Estimating the Effects of the Container Revolution on World Trade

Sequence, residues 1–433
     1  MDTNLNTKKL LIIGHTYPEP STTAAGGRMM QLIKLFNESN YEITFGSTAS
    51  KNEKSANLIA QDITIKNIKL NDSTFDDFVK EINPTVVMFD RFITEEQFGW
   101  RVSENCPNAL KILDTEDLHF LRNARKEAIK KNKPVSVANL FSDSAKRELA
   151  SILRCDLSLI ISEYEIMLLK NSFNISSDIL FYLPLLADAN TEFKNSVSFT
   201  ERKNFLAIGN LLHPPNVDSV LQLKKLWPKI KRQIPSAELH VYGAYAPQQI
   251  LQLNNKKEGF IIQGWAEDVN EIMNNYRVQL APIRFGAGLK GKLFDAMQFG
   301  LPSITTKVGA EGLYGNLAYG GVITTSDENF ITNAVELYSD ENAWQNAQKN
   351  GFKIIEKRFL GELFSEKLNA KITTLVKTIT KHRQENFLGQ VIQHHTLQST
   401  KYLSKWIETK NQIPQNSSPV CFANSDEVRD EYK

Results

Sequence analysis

The introduction of containerization triggered complementary technological and organizational changes that revolutionized global freight transport. Despite numerous claims about the importance of containerization in stimulating international trade, econometric estimates on the effects of containerization on trade appear to be missing. Our paper fills this gap in the literature. Our key idea is to exploit time and cross-sectional variation in countries’ adoption of port or railway container facilities to construct a time-varying bilateral technology variable and estimate its effect on explaining variations in bilateral product level trade flows in a large panel for the period 1962-1990. Our estimates suggest that containerization did not only stimulate trade in containerizable products (like auto parts) but also had complementary effects on non-containerizables (like automobiles). As expected, we find larger effects on North-North trade than on North-South or South-South trade and much smaller effects when ignoring railway containerization. Regarding North-North trade, the cumulative average treatment effects of containerization over a 20 year time period amount to about 700%, can be interpreted as causal, and are much larger than the effects of free trade agreements or the GATT. In a nutshell, we provide the first econometric evidence for containerization to be a driver of 20th century economic globalization.
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